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STUDY: Musicians Income Up 66% Despite Decreased Album Sales!

STUDY: Musicians Income Up 66% Despite Decreased Album Sales!

Since artists receive on average only 15% of album sales revenues, whereas they receive on average 50% from concerts and 80% from collected remunerations, the decline in music sales means “record companies, not the musicians, (are the ones) who are losing out.”

One of the main arguments that record labels have used in the war against illegal file-sharing is that the decline in music sales they wrongly attribute to the practice results in less revenue for artists, and therefore a decreased incentive for them to create new music.

However, a new study carried out by Richard Bjerkøe and Anders Sørbo, master’s degree students in business and economics at the BI Norwegian School of Management, the largest business school in Norway and the second largest in all of Europe, refutes that assertion by concluding that since the advent of digital music the income of the average musician has increased by some 66%!

“The only losers in the digital music revolution are the traditional record companies,” they say in a press release.

According to their master’s thesis, ‘The Norwegian Music Industry in the Age of Digitialization’, the rise in the average musicians’ income is due to an increase in revenues from concerts,  remunerations and government subsidies between 1999 and 2009 even though actual record sales declined by 50% during the same period.

From the study:

  • Revenues from concerts increased by an average of 136% between 1999 and 2009.
  • Remunerations from TONO, Gramo and others increased by 108% between 1999 and 2009.
  • Government subsidies increased by 154% between 1999 and 2009.
  • The number of active artists has risen by approximately 28% during the same period.
  • All figures are adjusted for inflation.

They found that the drop in record sales has had a “negligible impact” on individual musicians since they receive on average only 15% of those revenues, whereas they receive on average 50% from concerts and 80% from “collected remunerations.”

“In the interviews we conducted with a number of musicians and music products, the musicians said that they were losing a lot of money due to digitisation, while the figures show that it is the record companies, not the musicians, who are losing out,” say Bjerkøe and Sørbo. “The drop in record sales also means that the record companies are losing their significance as a launch pad for new artists and that recordings are to an increasing extent serving as business cards, or advertising opportunities, for drawing audiences to the concerts.”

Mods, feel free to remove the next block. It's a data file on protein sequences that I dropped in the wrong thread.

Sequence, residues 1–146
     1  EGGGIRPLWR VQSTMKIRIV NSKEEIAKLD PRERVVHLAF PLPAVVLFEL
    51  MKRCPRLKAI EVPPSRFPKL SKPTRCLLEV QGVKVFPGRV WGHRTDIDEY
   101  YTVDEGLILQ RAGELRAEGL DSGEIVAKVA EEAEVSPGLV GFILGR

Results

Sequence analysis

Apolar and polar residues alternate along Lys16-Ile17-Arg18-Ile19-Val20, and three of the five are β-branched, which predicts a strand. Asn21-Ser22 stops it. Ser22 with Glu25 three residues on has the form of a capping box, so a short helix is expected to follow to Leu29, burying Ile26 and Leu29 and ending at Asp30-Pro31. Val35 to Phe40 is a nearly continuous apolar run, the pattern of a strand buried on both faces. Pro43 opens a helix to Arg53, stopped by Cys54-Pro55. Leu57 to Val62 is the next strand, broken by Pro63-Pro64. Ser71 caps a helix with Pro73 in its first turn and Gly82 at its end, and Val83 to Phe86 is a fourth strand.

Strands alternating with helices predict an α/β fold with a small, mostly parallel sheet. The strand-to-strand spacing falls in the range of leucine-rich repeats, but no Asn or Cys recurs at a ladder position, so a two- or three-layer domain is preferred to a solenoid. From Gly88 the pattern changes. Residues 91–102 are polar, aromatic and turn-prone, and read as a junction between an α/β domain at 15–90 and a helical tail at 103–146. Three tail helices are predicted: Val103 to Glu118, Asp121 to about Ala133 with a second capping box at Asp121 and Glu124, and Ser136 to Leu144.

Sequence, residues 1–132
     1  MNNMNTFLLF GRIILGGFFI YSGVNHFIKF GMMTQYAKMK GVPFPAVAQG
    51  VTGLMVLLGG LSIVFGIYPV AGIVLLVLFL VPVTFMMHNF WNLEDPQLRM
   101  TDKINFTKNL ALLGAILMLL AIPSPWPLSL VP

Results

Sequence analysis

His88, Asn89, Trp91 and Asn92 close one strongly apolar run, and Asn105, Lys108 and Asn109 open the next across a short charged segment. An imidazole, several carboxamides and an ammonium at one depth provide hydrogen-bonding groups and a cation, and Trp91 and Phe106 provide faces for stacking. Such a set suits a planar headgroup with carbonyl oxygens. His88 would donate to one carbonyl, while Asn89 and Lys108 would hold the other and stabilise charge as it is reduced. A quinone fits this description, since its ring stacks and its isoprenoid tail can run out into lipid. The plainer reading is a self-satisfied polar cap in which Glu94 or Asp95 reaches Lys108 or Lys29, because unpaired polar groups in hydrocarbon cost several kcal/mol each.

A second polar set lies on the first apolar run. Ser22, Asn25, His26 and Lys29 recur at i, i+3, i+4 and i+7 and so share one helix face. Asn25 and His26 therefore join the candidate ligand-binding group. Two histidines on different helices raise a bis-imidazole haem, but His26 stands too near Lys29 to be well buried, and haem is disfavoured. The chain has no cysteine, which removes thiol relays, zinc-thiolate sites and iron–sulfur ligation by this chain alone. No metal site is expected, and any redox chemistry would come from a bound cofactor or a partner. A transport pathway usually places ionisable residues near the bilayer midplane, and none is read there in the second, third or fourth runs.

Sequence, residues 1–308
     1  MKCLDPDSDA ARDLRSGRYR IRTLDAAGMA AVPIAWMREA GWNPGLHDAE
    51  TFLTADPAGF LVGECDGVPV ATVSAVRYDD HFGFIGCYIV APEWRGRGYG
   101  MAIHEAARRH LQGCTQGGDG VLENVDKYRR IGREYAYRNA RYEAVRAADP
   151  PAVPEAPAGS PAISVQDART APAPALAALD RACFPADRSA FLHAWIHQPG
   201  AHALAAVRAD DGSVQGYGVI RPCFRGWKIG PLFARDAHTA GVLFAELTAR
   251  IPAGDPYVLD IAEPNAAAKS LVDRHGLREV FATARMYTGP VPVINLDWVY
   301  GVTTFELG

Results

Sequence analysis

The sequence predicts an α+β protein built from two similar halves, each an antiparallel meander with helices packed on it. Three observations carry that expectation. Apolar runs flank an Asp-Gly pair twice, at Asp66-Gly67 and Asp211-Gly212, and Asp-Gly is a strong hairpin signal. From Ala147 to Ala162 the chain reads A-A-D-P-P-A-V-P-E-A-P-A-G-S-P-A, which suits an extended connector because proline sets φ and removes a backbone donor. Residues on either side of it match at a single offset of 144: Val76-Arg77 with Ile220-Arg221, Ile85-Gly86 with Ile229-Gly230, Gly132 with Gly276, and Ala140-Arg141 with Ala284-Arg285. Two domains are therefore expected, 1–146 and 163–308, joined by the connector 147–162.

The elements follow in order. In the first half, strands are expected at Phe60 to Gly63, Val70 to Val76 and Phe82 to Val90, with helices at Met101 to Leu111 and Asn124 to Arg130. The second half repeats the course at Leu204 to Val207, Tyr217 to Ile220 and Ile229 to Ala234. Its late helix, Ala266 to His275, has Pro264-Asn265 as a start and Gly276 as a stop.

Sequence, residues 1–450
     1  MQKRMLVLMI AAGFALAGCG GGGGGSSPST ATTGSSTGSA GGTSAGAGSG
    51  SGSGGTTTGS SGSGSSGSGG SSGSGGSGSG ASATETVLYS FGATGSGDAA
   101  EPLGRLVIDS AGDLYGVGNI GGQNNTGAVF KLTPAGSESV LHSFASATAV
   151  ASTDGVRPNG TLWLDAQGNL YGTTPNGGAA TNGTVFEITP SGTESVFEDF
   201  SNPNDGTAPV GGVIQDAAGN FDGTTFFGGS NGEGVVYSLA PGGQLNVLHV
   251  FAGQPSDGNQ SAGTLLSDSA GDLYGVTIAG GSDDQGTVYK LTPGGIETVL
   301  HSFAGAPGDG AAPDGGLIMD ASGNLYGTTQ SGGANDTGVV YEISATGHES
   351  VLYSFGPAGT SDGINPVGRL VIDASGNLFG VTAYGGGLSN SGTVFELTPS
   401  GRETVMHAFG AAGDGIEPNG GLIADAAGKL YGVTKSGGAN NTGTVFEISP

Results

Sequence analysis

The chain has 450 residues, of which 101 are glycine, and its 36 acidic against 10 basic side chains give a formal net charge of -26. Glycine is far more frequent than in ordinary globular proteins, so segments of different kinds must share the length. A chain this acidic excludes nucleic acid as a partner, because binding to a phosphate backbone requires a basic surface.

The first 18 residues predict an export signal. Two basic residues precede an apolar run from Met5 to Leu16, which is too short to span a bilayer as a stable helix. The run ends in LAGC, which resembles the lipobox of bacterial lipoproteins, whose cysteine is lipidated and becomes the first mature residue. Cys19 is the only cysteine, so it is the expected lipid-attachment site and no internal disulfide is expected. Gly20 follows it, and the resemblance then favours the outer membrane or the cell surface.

A study from earlier this year found that the average musician only makes $23.40 for every $1,000 in music sold, also contradicting record labels’ claims that declining music sales are the ones most adversely affected.

Stay tuned.

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Jared Moya
I've been interested in P2P since the early, high-flying days of Napster and KaZaA. I believe that analog copyright laws are ill-suited to the digital age, and that art and culture shouldn't be subject to the whims of international entertainment industry conglomerates. Twitter | Google Plus
FyreLive
FyreLive

It's been the never-ending lie of the record labels that they are the ones responsible for the popularity of the musicians. This completely discounts the musicians as artists, entrepreneurs, businessmen and people. The second lie is that they are the ones shouldering all the costs of making artists into stars. It's the artists themselves who are responsible for their craft and it's content.

I, for one, am more than happy to see (hopefully) the demise and death of the record labels and their greedy, parasitic drain on the creativity of the artists in the world. I would love to be one of the people who swung the mallet, plunging the stake into the black, foetid heart of this criminal organization as it screamed it's last!!

Matthew Mateo
Matthew Mateo

This is the reason I launched a crowdfunding platform -- Songseeds.org -- this past year (debuted it in Austin @ SXSW) that intimately links fans with bands and singer-songwriters.  The fans get to play the role of "associate producer" as they witness the songs going from songseed to fully produced song.  It's about honoring that process of songwriting and recording by filming and blogging and capturing the moments as they happen and allowing fans to be the patrons they truly are (I liken it to the "slow food movement" applied to music)  I, too, look forward to seeing the Big 3 record companies go down in flames.  Their old and tired model is far along the path of extinction.  Welcome to the 21st Century Renaissance!

jim
jim

i would love to see the numbers if they took out the government subsidy money, what were they thinking, including gifts and grants as income?

Jay
Jay

I love how artists aren't lazy anymore and how they realize that gone are the days where you record a song and wait for the money to roll in.

myname
myname

Now the idiotic record companies are trying to milk the musicians for their live concert sales! I hope the musicians and artists band together and stop this nonsense!It is concerts and promotional items that the musician and artists live on....NOW the record companies who have been greedy want to take some of THAT from the musicians and artists?They record companies need to be told to go take a long walk off a short pier. The sooner the "Big 3" goes under....the better off the public will be without those leeches! Maybe then music can get back to what it was in the first place...an art instead of a money making machine!

Mountain_rage
Mountain_rage

Revolutionize or die, I hope I can one day be a crucial part in the decline of the music labels.



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